The Define the
Calculation Formula dialog box appears.
At this point, we are
prompted to enter the expression for the calculation itself. The outcome of
this formula will be the value that is assigned to the cells within the
selected range, after evaluation of those cells via the condition we have
assigned the calculated cell. Remember that the condition is a logical
expression, and that it therefore evaluates to True or False;
it is applied to every cell in the range defined in the calculation subcube.
For any cell for which the condition evaluates to True, the result of
the calculation formula applied to that cell is returned when the cell is
queried. A False condition, by contrast, returns the actual value of
the cell when it is queried. (Much of the power in calculated cells is that
no real alteration of the data itself is taking place).
Enter the following into the MDX
Expression text box:
The completed Define
the Calculation Formula dialog box appears, as shown in Illustration 8.
Illustration 8: The
Completed Define the Calculation Formula Dialog Box
In this example, we do
not provide a surrogate value for cells that meet the condition, but use the
condition as a basis for the application of exception highlighting only.
Therefore, the address of the current cell is appropriate. We use the CalculationPassValue()
function to prevent the expression from referencing itself, once again (via the
same logic we used in the calculation formula in the last step).
We arrive at the Finish
the Calculated Cells Wizard dialog box. We provide the name Warehouse
Cost Subanalysis Scope, to define a list of warehouses whose level of costs
exceeds the threshold of our scope for further examination. We see a summary of
the parameters we have assigned through the wizard for the calculation
subcube (defaults were assigned for dimensions that we did not specify). In
addition, we see a confirmation that the calculation condition has been
The Finish the
Calculated Cells Wizard dialog box appears, as shown in Illustration 9.
At this point in the
calculated cells creation process, we have a new calculated cell that has no
display criteria. We should see the calculated cell Warehouse Cost
Subanalysis Scope in the left side of the Cube Editor within the
appropriate folder of the tree pane, as depicted in Illustration 10).
Illustration 10: The New
Calculated Cell Appears in the Tree
for the Calculated Cell
We now need to set the
display properties for the calculated cell. We do this in a manner very
similar to that in which we set properties for calculated members.
Click once to select the Warehouse
Costs to Subanalyze calculated cell.
Expand the Properties
pane in the lower tree pane.
Click the Advanced tab.
The Properties pane--Advanced
tab appears, as shown in Illustration
Illustration 11: The
Properties Pane - Advanced Tab
and BackColor cell properties are used to store color information for the
text and the background of a cell, respectively. The color and hue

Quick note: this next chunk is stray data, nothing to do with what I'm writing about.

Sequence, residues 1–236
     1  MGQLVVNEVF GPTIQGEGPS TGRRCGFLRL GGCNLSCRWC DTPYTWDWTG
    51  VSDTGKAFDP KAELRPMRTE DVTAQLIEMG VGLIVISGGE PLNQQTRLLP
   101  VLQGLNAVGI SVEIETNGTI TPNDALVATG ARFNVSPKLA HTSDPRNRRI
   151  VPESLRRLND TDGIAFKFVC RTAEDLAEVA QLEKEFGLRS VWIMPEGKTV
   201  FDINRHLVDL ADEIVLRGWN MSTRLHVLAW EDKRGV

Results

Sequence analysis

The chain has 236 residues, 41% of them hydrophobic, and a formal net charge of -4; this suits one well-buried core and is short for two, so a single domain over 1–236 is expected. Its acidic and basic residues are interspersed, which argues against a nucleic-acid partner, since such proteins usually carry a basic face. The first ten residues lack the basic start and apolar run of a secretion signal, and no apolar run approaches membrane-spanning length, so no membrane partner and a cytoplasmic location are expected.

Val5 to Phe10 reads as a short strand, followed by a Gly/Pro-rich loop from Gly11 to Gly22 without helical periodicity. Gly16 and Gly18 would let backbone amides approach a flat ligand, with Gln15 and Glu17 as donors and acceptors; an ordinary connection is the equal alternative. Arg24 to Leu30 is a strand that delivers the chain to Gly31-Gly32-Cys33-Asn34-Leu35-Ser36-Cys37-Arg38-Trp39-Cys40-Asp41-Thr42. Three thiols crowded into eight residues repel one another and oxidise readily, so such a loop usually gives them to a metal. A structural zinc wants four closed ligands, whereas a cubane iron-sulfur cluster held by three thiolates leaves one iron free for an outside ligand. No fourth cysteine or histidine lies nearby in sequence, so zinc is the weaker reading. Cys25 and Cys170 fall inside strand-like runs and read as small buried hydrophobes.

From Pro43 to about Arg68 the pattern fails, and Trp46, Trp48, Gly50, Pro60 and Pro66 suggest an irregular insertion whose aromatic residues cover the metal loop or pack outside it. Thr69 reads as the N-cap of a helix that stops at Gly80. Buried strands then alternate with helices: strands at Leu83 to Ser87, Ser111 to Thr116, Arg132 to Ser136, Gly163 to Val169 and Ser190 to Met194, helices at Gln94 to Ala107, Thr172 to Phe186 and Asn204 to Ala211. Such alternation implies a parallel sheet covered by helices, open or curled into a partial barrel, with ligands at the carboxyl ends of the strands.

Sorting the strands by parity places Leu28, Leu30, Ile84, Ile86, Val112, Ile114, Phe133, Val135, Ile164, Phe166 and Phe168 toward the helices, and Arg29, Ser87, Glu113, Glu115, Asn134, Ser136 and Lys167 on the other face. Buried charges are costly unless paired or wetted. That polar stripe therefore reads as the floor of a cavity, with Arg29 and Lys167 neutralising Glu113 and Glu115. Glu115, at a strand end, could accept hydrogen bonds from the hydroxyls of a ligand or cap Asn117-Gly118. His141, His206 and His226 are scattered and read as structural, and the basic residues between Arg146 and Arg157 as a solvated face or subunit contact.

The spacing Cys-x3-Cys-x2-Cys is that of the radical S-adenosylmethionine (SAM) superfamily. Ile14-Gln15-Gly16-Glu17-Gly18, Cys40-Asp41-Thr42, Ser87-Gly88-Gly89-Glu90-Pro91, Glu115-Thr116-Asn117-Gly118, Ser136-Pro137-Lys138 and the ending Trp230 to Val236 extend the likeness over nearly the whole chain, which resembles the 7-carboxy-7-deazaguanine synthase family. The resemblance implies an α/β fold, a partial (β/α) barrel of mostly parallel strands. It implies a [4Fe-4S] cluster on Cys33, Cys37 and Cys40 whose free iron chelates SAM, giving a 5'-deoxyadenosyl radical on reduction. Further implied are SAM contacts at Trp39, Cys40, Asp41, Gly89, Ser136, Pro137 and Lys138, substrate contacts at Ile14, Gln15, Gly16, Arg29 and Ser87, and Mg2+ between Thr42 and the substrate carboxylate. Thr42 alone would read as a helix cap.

are defined in these properties boxes using an RGB value (the Microsoft
Windows operating system red-green-blue format).
Any color in the
spectrum exists at some intersection point of the basic colors (or as a "pure"
color). A few common examples of intersect values are depicted in Illustration 12.
Illustration 12: Color
Definitions from the Perspective of RGB
Without going too far
into the details of the nature of the RGB system, let's say that a normal color
is represented by a number between 0 and 16,777,215. In our example, we can
define our color combination by selecting the hue (a number ranging between 0
and 255, with 255 being the brightest and 0 being the darkest within the range)
and plugging that hue into the respective color variables (R, G, or B) in the
following formula I derive. The resulting number is the color value, which is
placed into the appropriate ForeColor and BackColor cell property
box on the Advanced tab.
To simplify, all we
really need to know is that the numerical components for color value are
represented as Red, Green and Blue (assigned R, G and B, respectively) in the
Color Value = (R * 256 0) + (G * 256 1) + (B * 256 2)
= 1(R) + 256(G) + 256 2 (B)
= R + 256G + 65536B
Eight select sample
colors and their corresponding RGB hue values are summarized in Table 1.
Table 1: Select Sample
Colors with Corresponding RGB Hues
RGB Hue Values
255, 0, 0
0, 255, 0
0, 0, 255
0, 255, 255
255, 0, 255
255, 255, 0
255, 255, 255
0, 0, 0
Let's say we want to
customize our exception highlighting ForeColor to have a magenta
appearance. We would derive the color value as follows:
Color Value = R + 256G + 65536B
= 255 + 256 (0) + 65536 (255)
= 255 + 0 + 16,711,680
the number 16711935
into the ForeColor property box of the Advanced tab.
Now, let's derive the
needed setting to make our BackColor property equal Black. This
is easy enough, for we can see from the table above that all settings are
Color Value = R + 256G + 65536B
= 0 + 256 (0) + 65536 (0)
The setting, as we see,
Why, then, should we
have to type anything into the BackColor property box? Although it seems
that "nothing," or null, might equal "zero" in a field, the
default is set for white as the color in this case, simply because this would
be the most common desire in presentation.
Place a zero in the BackColor
property box of the Advanced tab.
We can also set other